Any process permitting the dispersion of one phase in the other is suitable. The formulation is advantageously carried out, however, with polymers in the molten state, under shear conditions which make it possible to disperse the reinforcing polymer or polymers, in the polyamide matrix, as particles having dimensions of between 0.01 and 10 microns and preferably between 0.05 and 5 microns.
Equipment of the BUSS type or a single-screw or multi-screw extruder, which may or may not be equipped with a degassing system, is suitable for carrying out this dispersion.
The reinforced thermoplastic compositions can facilely be converted into a wide variety of useful shaped articles by means of conventional compression-molding or extrusion-molding techniques typically used in the manufacture of thermoplastic-shaped articles, such as molded pieces, extruded products, for example, tubes, films, sheets, fibers and oriented fibers, laminates, and wire coverings and coatings.
The compositions according to the invention are characterized by a notable combination of properties, the most important of which being a remarkable toughness, taking into account the amount of reinforcing polymer present in the polyamide matrix and its tendency to crystallize.
This combination or properties, and particularly the elasticity, even at low temperature, makes it possible to use the subject compositions in a very large number of applications, in particular in the fields of mechanics, aviation, automotive, electronics and tools.
In order to further illustrate the present invention and the advantages thereof, the following specific examples are given, it being understood that same are intended only as illustrative and in nowise limitative.
In the following examples, a certain number of determinations were carried out on the primary constituents are the polyamides resulting therefrom. Likewise, various properties of the compositions were measured. The procedures or specifications in accordance with which the aforesaid determinations or analyses were carried out are set forth below.
The molded test-pieces were placed in a desiccator over silica gel and dried for 24 hours at ambient temperature under 0.5 to 1 mm of mercury before carrying out the measurements.
The Charpy notch impact strength was measured in accordance with ISO Recommendation R 179.
The determinations were carried out on molded bars having the following dimensions: length=50±0.1 mm; width=6±0.2 mm; thickness=4±0.2 mm; length of the notch=0.8±0.1 mm; thickness under the notch=2.7 ±0.2 mm.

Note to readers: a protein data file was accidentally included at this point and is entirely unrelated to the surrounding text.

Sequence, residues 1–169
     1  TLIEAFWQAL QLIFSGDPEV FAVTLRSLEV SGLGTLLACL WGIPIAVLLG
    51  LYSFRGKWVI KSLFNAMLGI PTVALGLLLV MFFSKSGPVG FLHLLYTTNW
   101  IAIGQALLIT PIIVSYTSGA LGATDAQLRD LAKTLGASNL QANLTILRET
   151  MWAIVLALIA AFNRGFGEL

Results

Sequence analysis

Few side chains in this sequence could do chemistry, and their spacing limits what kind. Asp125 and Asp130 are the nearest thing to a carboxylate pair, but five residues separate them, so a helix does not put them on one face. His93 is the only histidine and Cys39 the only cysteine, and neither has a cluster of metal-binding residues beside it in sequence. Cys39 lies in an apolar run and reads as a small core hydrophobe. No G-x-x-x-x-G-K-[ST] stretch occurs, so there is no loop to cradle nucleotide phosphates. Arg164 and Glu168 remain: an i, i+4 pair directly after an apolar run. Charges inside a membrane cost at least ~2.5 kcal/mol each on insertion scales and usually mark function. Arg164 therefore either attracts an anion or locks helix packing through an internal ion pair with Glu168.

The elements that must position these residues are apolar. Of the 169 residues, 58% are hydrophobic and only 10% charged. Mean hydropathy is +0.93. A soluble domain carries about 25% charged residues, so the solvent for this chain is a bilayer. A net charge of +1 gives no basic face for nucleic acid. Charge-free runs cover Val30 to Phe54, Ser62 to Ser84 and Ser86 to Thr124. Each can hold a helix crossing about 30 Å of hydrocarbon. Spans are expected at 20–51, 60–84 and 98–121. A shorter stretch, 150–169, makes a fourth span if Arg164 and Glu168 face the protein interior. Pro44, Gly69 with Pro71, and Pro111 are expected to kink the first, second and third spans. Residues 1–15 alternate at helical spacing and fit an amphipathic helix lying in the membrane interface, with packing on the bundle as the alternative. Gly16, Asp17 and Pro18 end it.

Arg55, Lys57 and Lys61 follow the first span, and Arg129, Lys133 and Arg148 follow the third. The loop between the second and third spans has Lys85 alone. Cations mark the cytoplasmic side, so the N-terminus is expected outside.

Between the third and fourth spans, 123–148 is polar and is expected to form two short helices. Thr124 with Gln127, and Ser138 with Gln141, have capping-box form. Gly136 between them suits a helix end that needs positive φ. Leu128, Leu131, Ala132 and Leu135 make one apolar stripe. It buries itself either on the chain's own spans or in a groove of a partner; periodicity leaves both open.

A ZWICK impact meter was used at 23° C., the test-pieces having been conditioned at EH O.
The result is expressed in Joules/cm2.
This determination was carried out on injection-molded 80×10×4 mm bar-type test-pieces in accordance with ISO Recommendation R 178.
NH2 : Automatic potentiometric determination of the solution of polymer in a 90/10 by weight mixture of phenol and water, using HCl. The result is given in gram equivalents per 106 g of polymer.
COOH: Hot dissolution of the polymer in benzyl alcohol, under a nitrogen atmosphere, and acidimetric determination of this hot solution, under nitrogen, using a glycolic solution of potassium hydroxide in the presence of phenolphthalein. The result is given in gram equivalents per 106 g of polymer.
The dried polymer was dissolved in meta-cresol to provide an 0.5% strength solution. The flow time of this solution was measured in comparison with that of the pure solvent. The value of the inherent viscosity is given by the formula:
ηinh=4.6 (log t1 -log to)
t1 =flow time of the solution
to =flow time of the solvent
The polymers or the mixtures of polymers are characterized by their intrinsic viscosity and also by melting and crystallization characteristics, such as the melting point, Mp, and the crystallization point on cooling, CpC, the difference between the two constituting the supercooling Δ which characterizes nucleation. Another crystallization characteristic, which is essentially related to the crystallite growth rate, is based on the determination of tg α, α being the angle formed by the horizontal of the base line with the initial part of the peak of the crystallization exotherm on cooling under strict conditions of observation, the horizontal of the base line and the peak of the crystallization exotherm being determined from the curve obtained from the differential microcalorimetric analysis of the sample studied.
These determinations were carried out on a sample subjected to both increasing and decreasing temperature variations of 10° C./minute.
The improvement in the crystallization of the compositions according to the invention can be assessed either by the decrease in α, compared with the coefficient Δ of the polyamide matrix, or also by the increase in tg α, which characterizes the acceleration of crystallite growth.
The glass transition temperature corresponds to the sudden drop in the shear modulus as a function of the temperature. It can be determined from the graph representing the variations in the torsional modulus as a function of the temperature, these variations being measured by thermomechanical analysis using an automatic torsion pendulum.
The characteristics of the matrix used in the following examples are now specified:
ηinh: 1.173 dl/g
COOH end groups: 66.07
NH2 end groups: 45.83
Notch impact strength: 0.56±0.05 J/cm2
Flexural modulus: 2,400±200 MPa/mm2
Tg by thermomechanical analysis: 55°
Mp: 260° C. CpC=210° C. Δ=50° C. tg α=17
Proportion of amide groups per 100 g: 0.885
The reaction was carried out in a 7.5 liter stainless steel autoclave fitted with an anchor-type stirrer equipped with a tachometric dynamo.